Brainstorming

allaboutme.gov.au: Centering the government around the individual

** The vision **

It’s Monday morning, and you’re checking your email over a cup of coffee before heading off to work. You notice a message from allaboutme.gov.au, telling you that you have three new notifications and a reminder in your allaboutme in-tray. You click the link at the bottom of the email and your browser opens up, taking you to the allaboutme.gov.au login page.

 

Once you’ve signed in, you scan the four new messages. There’s a reminder about your tax return, which needs to be submitted in two week’s time. You click on the “Download E-Tax” button, and make a mental note to go through your paperwork tonight.

 

While e-Tax is downloading, you archive the message and open the next one. It's from Medicare. They're asking you to supply them with an updated home address. It seems that they tried to send you your replacement card last week, but as you recently moved house, it was returned to them. You decide to authorise Medicare so that they can use the address information you entered on your allaboutme.gov.au profile from now on. It’s as simple as clicking the “Authorise Medicare to use your profile address” button at the bottom of the message. A little green tick appears next to the message header – meaning "task complete". Next time you log in, the message will be safely archived in your "Done" tray.

 

The next message is your personalized weekly calendar. You subscribed to notifications about upcoming public consultations concerning environmental and health issues. It turns out that next Tuesday, there’s going to be a consultation 20km away from you on electric car rebates at a small community hall. You click the link to the google map and print it out, and then check the “Remind me 24 hours before” checkbox before archiving the message.

 

The final message is a traffic fine, for a depressingly large amount of money. You consider filling in the online dispute form – you’re sure you couldn’t have been going 130km/h in a 110km/h zone…but then you click through to the speed camera picture and see your mug behind the wheel. With a grimace, you authorize payment using the credit card information from your profile. The little green tick assures you that you’re all done. A few seconds later, you receive an invoice in your in-tray, along with the updated number of points remaining on your licence.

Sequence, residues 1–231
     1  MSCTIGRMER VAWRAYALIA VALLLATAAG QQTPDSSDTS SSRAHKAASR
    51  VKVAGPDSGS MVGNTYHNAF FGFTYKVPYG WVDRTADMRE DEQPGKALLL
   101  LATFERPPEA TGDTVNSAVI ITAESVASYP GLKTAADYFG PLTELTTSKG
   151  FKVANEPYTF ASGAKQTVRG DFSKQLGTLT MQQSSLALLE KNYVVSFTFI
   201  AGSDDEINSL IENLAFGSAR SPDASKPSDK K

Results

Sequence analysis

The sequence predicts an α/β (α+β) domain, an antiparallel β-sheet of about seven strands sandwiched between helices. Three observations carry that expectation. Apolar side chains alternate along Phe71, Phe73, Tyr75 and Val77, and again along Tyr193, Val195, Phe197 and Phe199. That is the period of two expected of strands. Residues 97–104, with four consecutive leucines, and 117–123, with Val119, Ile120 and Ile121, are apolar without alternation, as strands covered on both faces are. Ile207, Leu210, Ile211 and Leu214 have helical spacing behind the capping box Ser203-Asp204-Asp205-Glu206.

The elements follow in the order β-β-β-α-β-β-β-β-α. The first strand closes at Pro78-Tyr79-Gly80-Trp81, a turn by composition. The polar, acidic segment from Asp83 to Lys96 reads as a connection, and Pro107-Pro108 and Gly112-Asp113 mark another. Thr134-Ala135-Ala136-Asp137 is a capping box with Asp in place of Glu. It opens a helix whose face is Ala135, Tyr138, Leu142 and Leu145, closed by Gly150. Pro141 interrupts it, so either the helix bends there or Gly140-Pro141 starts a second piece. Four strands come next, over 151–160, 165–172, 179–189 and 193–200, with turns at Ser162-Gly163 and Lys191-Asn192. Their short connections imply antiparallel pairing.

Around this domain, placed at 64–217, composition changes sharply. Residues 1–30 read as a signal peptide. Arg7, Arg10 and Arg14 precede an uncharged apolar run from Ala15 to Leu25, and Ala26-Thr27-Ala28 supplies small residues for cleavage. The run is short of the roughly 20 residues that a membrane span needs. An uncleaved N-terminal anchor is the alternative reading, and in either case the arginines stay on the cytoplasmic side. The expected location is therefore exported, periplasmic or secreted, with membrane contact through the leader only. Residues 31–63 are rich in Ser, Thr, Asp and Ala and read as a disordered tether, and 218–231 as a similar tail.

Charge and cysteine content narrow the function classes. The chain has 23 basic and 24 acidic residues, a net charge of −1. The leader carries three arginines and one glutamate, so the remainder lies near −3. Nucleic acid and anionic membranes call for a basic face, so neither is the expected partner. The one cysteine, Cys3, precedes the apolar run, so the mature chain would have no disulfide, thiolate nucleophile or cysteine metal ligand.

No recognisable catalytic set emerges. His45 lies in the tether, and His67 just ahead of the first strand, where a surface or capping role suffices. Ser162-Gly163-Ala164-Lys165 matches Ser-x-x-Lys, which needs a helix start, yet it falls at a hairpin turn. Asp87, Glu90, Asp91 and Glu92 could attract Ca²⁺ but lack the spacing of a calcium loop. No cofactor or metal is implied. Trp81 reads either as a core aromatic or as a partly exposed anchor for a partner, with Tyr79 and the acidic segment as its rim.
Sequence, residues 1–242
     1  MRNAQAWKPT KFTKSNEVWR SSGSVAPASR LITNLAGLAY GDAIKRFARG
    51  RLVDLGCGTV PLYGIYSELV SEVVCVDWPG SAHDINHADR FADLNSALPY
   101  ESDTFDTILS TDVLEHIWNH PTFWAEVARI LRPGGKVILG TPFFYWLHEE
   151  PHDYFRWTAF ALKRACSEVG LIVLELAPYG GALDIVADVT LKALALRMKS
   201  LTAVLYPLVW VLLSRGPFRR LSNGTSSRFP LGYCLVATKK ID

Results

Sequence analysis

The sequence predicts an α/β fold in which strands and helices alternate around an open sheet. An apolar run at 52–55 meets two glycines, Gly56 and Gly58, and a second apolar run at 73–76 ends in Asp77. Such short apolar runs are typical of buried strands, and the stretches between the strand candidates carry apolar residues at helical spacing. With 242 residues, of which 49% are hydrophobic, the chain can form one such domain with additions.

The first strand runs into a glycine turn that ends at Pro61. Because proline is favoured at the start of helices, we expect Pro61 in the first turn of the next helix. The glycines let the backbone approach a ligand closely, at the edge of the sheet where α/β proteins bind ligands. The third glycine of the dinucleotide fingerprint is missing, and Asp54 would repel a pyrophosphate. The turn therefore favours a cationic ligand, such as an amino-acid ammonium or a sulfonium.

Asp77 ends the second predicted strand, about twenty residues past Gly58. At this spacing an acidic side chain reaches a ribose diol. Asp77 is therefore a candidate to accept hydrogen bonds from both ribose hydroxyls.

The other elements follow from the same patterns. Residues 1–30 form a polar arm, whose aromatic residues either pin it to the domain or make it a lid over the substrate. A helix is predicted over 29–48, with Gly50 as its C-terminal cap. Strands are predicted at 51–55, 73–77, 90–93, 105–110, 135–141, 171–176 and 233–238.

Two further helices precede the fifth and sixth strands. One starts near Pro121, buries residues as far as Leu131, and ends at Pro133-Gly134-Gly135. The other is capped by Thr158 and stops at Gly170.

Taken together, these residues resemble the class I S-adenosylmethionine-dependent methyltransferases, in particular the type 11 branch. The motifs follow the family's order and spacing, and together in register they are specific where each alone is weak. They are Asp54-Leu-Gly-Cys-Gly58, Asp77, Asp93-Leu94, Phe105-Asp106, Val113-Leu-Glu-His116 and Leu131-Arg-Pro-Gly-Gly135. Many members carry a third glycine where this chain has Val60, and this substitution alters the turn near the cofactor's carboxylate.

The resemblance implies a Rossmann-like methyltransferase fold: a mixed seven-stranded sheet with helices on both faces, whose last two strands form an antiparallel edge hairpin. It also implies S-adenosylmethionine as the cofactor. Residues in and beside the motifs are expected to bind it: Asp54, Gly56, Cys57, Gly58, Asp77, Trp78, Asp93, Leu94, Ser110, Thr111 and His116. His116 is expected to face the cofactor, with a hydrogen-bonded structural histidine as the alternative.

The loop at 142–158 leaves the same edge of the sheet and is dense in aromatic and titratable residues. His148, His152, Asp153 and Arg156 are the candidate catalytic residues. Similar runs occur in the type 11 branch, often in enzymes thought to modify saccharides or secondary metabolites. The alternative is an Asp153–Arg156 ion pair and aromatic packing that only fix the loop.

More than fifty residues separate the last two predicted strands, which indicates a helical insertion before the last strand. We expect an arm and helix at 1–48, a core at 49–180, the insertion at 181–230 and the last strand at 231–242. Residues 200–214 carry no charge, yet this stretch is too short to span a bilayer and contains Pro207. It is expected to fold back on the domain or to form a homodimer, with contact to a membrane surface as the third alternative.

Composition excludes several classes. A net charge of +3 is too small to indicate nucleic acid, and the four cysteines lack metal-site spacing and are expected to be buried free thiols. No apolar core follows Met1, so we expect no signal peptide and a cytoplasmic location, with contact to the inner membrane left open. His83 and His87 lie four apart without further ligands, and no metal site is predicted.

You sign off, finish your coffee, and hope that AusAid will get back to you soon through allaboutme.gov.au about that volunteer position you applied for in Indonesia.

 

** What’s happening? **

Yes, it's insanely ambitious.

 

The idea of allaboutme.gov.au represents a change to the way government is currently using the online service channel for individuals. Instead of delivering easier access to individual agencies' online transactions, it sets up a two-way dialogue between the Australian citizen/resident and the government, across all jurisdictions.

 

It gets the government understanding all of what a particular individual needs to know – either to comply with his/her obligations, to act on an emerging issue, or to be engaged and participate in public debate or awareness raising. This could be anything from DIAC notifying a person about a citizenship interview booking, to a health reminder about your closest H1N1 vaccination station, to an emergency alert about an approaching bushfire, to a smarttraveller.gov.au travel information update about a country you're registered as visiting.

 

Through active push-messaging and user-defined pull-subscriptions, it sends the right information to the person through his/her allaboutme.gov.au in-tray, making sure that for the most part, the person can not only find out about something they need to know or do, but also perform the necessary activities to action it without going somewhere else.

 

In short, instead of a person interacting with a range of agencies, the person can interact with the Government, through one central point, and be confident that the interaction is secure and effective.

 

* What we'd need to do **

We're not starting from a blank slate, of course. We can build on the authentication infrastructures, notary systems, messaging standards, data standards and centralised access points set up by past and current initiatives.

 

But making allaboutme.gov.au a reality would not be simple – there are issues about privacy arrangements, non-repudiation, entity-consolidation, liability, data harmonisation, orchestration and a range of others that would need to be overcome. And of course, getting more agency services online and moving to a synchronous transaction model would not be cheap. This is a longer term strategy, and one that will need careful management, funding, benefits management and user experience design. Challenging, yep. Impossible: nope.

Tags

Voting

12 votes
Active
Idea No. 107